After seeing that Bear Creek was included in the Maryland fall stocking plan, I took a run out there to check it out. Putting the bottom line up front, I was very disappointed in what I found. However, a visit in the spring when the water is higher and more fish are stocked may produce a dramatically different assessment.
I visited Bear Creek in early October with the strategy of driving along the creek to find the various access points while using the posted stocked trout water signs as a guide to fishability. I started from Friendsville and drove upstream. While the road parallels the creek for a substantial part of its distance, there are not many turnoffs to accommodate fishermen. This was an instant red flag to me based on my new awareness of stock truck access as a key variable to the quantity of fish available. In an earlier post, I commented on my conclusion based on experience at 15 Mile Creek that when fishing stocked trout water it does not pay to hike a great distance from the stocking truck access points unless there is a high potential of trout migration or wash down. If the truck can’t get there, the trout won’t be there.
Given that the creek has to be accessible to the road for stocking to occur, I pulled over at every available spot and walked to the water. In all cases except one, I was deeply disappointed with what I saw. The water in the creek was exceptionally low and barely dribbling over its rocky 10 to 15 foot wide bed. Without pools close to the access points that are deep enough to support a decent sized fish, I wondered where the Maryland DNR inserted the 350 fish it stocked on October 8. I did not limit myself to a visual recon, but I hiked a little bit to see if any pools were available close enough to the access point to be within a reasonable distance for stocking. I did not find any!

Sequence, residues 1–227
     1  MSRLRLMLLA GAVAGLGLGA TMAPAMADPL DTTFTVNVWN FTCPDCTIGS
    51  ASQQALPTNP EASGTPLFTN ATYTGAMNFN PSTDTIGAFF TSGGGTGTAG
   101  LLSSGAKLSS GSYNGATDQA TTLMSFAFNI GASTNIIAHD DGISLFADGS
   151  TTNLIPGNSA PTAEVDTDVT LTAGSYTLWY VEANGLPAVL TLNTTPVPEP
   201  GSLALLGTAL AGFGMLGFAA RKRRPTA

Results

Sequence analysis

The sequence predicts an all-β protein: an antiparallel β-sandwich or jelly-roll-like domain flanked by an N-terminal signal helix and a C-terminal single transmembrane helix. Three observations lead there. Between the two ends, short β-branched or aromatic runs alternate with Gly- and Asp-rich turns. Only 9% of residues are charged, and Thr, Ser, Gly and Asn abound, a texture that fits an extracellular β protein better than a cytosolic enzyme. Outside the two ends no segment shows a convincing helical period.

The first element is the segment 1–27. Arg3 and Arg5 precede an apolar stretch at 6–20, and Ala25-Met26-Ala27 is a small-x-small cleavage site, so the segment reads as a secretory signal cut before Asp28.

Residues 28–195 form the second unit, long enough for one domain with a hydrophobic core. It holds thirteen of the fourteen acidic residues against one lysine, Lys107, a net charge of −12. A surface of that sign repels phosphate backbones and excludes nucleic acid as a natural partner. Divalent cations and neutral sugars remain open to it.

As you move upstream following the road, it veers away from the creek as it gains altitude along the steep hillside to the north of the creek. Not surprisingly, there are no turnoffs in that section and my view of the creek was hidden by the tree cover.
I did not find a pool large enough to hold trout until I crossed under Rt 219. There’s a pretty decent pool underneath the Rt 219 bridge and another one where the road crosses Bear Creek about a quarter-mile up from 219. In fact, it was in the latter spot that I actually found a number of trout finning in the small hole created where the road crosses the stream. Since I was there and had finally found fish, I gave it a shot in spite of the deep embarrassment associated with fishing directly from the edge of the road.
This hole was no more than 10 feet wide and 10 feet long with the fish holding in a small section about 4′ x 4′. All I could do was dap my fly onto the surface of the water. Even if you were to use spin gear, there’s not enough distance to get a cast and put the spinner in motion. This was a spot tailor-made for bait. Anyway, I gave it a shot with various terrestrial patterns and even floated a few nymphs in the languid current — the trout exhibited no interest in any of this.
The fact there were fish in this spot, which is outside of the stocking range depicted on the DNR web site, probably confirmed the desperation of the stocking team in trying to find places to insert their fish as I do not believe these were natives.
Bottom line: Not a good place to visit in low water conditions. I imagine in the spring, when the water levels are higher, the stocking team has more options for loading the water. I will not come back here in the fall — it’s just not worth it — when there is other better water closer like the Youghiogheny and the North Branch.
Getting There: From Friendsville, go east on Maple Street. This turns into Bear Creek Road and follows the stream.
Google Local Coordinates: 39.657778,-79.371414
Secrets Revealed? No. This is a public location that is documented in the Maryland DNR stocking plan
Wide spot in the creek. Inches deep
Sad… not deep enough for fish… but right next to the road
Looking upstream from the hole where I found a few trout. I walked up and it petered out.
Unless stated otherwise, this article was authored by Steve Moore